1 – Ties are out. The men’s tie business must be dying a slow death. Of 13,000 people at the Congress and Expo, you might count the number wearing ties on one hand. OK, maybe on both hands. Business casual rules, no doubt. Many attendees are comfortable in jeans and sports shirt. You don’t see many suits at all. Mostly it is the speakers in suits. And certainly not all of them.
Here at the 2013 NSC Congress & Expo, an Egyptian surgeon, Alaa Zidan, who now works as a health and safety consultant in Bahrain, gave a presentation, “Positive Safety Culture and Emotional Intelligence,” that was probably unlike any safety presentation most in the audience had ever heard.
Spend a day talking to safety pros and safety product trainers, consultants and PPE vendors and one thing strikes you: a new vocabulary is emerging in safety circles. You hear little talk about OSHA or compliance.
Why are companies not known for selling safety products, such as Staples, Cintas, Caterpillar, Honeywell, and Kimberly-Clark all here at the 2013 NSC Congress & Expo -- a number of them with expansive floor space?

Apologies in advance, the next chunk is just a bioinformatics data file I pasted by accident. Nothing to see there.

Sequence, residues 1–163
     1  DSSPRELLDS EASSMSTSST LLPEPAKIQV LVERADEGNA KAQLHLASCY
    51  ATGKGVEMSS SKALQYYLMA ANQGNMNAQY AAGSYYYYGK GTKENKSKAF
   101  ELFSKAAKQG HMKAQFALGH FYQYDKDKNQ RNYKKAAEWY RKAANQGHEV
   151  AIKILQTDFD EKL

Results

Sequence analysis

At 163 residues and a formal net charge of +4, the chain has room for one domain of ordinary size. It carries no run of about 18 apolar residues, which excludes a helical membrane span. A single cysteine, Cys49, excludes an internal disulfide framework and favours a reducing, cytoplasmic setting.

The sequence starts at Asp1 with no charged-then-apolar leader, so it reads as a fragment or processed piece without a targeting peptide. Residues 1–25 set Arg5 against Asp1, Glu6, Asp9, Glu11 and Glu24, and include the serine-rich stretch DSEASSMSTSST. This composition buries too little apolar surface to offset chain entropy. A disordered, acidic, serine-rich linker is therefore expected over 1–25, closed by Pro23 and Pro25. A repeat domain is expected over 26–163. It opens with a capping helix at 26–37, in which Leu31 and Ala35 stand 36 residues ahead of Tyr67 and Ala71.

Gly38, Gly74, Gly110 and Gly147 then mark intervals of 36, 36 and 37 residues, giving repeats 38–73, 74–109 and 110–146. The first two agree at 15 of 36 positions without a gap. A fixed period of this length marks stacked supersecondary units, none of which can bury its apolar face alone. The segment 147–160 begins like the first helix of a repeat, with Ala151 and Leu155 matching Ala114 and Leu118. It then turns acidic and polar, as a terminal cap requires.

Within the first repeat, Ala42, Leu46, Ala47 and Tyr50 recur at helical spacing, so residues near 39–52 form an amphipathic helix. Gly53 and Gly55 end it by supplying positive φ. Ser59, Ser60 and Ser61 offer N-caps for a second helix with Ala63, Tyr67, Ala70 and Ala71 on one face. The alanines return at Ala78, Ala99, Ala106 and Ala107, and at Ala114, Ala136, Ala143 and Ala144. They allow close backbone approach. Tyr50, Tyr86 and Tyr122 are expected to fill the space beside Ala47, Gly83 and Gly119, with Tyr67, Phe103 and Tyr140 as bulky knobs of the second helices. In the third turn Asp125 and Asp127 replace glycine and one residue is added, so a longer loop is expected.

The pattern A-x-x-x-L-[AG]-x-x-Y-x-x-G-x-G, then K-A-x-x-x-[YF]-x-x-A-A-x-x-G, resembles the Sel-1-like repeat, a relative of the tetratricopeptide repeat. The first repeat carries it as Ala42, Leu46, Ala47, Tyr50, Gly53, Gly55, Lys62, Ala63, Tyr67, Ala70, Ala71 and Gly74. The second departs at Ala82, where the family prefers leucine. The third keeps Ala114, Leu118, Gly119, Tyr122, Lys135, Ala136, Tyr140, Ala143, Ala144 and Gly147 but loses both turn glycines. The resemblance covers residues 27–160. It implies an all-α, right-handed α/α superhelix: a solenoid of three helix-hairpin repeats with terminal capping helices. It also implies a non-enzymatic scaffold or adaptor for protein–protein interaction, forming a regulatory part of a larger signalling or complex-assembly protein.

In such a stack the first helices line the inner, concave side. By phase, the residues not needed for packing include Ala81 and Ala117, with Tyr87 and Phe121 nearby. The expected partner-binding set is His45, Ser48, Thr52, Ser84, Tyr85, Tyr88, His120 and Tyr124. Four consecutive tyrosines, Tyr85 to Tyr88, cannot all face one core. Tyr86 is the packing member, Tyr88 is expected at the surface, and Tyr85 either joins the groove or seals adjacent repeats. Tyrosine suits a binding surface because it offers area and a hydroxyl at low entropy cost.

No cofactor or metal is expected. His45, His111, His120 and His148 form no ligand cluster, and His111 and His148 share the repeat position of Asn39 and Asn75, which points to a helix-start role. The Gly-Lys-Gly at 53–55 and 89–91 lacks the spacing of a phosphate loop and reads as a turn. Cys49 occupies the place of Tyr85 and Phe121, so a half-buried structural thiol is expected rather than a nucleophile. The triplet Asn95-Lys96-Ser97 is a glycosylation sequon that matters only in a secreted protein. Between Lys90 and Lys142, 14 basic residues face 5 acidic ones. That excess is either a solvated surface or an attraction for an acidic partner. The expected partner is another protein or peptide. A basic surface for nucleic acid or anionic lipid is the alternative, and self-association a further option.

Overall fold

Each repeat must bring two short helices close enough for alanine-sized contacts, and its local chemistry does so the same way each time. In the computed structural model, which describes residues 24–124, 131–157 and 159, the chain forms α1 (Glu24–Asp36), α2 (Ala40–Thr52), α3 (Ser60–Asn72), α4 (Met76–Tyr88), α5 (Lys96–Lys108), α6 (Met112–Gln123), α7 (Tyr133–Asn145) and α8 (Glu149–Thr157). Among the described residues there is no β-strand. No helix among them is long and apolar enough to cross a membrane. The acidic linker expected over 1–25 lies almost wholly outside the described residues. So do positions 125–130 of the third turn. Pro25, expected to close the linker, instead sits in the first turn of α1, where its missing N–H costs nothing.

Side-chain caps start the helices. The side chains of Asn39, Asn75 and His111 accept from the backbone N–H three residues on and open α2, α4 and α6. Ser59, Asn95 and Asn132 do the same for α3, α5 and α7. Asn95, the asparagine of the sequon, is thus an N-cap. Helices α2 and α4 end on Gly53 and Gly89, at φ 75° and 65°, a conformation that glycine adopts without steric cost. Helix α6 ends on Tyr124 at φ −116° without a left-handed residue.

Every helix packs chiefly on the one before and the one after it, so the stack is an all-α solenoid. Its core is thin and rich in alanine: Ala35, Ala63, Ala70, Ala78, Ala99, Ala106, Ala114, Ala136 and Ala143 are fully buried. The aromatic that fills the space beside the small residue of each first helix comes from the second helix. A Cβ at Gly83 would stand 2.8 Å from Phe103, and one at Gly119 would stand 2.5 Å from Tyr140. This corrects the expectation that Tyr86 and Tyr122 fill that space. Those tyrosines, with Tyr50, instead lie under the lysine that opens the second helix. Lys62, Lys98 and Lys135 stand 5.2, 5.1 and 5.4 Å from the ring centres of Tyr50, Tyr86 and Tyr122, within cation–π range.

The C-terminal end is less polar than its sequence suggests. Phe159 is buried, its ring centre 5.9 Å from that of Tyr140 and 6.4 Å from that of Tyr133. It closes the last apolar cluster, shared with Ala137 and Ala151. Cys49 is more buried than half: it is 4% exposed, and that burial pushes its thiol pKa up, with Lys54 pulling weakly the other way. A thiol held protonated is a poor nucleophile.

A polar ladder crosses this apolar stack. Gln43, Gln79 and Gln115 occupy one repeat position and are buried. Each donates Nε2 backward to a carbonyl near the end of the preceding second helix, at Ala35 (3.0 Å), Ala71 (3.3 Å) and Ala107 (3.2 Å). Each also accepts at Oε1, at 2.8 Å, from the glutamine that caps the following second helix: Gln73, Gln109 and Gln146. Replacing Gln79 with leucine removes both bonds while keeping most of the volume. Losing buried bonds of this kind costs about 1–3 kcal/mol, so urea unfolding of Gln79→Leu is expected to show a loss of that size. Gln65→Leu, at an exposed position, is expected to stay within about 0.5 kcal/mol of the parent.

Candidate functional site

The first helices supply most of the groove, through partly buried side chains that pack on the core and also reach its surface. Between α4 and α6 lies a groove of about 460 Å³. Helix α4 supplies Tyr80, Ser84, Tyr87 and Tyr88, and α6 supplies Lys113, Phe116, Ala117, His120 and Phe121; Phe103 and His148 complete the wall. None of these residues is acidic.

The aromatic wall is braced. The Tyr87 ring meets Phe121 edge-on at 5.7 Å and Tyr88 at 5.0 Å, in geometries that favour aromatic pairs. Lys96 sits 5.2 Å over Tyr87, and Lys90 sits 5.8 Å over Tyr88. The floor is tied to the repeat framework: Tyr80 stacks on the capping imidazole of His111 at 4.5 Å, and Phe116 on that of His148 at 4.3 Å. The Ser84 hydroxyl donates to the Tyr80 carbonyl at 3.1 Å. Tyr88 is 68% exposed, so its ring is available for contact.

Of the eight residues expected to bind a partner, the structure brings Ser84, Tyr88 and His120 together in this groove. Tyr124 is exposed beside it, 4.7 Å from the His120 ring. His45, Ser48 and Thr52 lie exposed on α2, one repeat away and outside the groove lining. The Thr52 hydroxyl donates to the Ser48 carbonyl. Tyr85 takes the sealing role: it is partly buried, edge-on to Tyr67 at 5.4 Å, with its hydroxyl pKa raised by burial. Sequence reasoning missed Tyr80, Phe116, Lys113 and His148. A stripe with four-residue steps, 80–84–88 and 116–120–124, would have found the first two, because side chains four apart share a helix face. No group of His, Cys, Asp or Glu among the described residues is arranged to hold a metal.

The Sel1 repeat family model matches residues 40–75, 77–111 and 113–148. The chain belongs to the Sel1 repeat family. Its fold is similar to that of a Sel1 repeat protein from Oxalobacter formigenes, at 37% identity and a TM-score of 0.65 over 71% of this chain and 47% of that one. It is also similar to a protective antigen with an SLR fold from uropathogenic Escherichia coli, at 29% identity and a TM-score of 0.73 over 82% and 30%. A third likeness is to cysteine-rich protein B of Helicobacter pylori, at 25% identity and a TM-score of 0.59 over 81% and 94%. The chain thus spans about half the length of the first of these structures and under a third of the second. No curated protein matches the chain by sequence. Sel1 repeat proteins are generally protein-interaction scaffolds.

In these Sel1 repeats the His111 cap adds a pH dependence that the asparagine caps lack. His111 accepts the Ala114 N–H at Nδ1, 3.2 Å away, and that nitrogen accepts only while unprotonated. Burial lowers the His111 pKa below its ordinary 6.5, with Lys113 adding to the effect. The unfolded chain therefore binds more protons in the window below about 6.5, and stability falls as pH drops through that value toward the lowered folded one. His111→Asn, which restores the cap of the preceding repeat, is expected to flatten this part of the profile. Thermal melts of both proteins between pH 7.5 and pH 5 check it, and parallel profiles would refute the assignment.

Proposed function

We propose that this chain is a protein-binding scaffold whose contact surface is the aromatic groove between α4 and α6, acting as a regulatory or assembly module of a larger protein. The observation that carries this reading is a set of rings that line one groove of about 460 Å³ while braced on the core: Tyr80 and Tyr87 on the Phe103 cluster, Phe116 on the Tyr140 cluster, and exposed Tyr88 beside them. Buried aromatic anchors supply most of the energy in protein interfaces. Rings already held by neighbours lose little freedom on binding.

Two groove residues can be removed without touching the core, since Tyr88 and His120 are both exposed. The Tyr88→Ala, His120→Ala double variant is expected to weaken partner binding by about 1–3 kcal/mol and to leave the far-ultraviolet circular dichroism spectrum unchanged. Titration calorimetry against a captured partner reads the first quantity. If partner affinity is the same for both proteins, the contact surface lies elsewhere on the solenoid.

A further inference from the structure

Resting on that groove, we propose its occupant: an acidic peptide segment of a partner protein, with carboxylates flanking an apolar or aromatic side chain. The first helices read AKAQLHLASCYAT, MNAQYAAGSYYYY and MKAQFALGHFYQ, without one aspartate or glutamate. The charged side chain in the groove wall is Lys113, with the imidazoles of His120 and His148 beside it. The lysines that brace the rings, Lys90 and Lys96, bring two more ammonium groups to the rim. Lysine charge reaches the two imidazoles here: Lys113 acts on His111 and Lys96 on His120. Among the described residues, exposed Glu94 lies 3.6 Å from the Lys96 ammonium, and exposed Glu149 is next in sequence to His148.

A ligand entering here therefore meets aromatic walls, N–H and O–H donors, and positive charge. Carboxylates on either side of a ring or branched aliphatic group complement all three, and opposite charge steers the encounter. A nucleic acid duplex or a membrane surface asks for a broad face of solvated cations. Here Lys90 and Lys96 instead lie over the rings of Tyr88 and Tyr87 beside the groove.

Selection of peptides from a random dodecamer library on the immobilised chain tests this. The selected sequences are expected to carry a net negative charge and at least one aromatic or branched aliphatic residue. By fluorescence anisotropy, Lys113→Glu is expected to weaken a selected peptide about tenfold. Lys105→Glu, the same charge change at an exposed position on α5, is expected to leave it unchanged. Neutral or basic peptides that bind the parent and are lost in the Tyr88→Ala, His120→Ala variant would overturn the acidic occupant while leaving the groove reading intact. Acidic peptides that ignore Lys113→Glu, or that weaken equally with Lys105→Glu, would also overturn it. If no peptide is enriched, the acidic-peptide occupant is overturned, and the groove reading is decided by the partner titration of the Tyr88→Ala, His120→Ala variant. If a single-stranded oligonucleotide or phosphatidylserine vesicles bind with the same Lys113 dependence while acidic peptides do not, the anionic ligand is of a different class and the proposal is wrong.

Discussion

The results of the highly successful “ISHM Safety Management Professional of the Year” are in. ISHM is the Institute for Safety and Health Management, a certification organization focused on educating safety and health managers in executive-level skills and certifying their expertise in communicating with C-Suite personnel on critical safety issues.
DuPont was awarded Monday morning at the 2013 NSC Congress and Expo opening session for integrating environmental, health and safety management with business operations as a cornerstone of corporate financial prosperity.
The Campbell Institute – the National Safety Council’s center of excellence for environmental, health and safety management – has introduced a new white paper, “Transforming EHS Performance Measurement through Leading Indicators” at the 2013 NSC Congress & Expo.
Cell phone use not just dangerous for drivers, study finds
September 26, 2013
More than 1,500 pedestrians were estimated to be treated in emergency rooms in 2010 for injuries related to using a cell phone while walking, according to a new nationwide study. The number of such injuries has more than doubled since 2005, even though the total number of pedestrian injuries dropped during that time.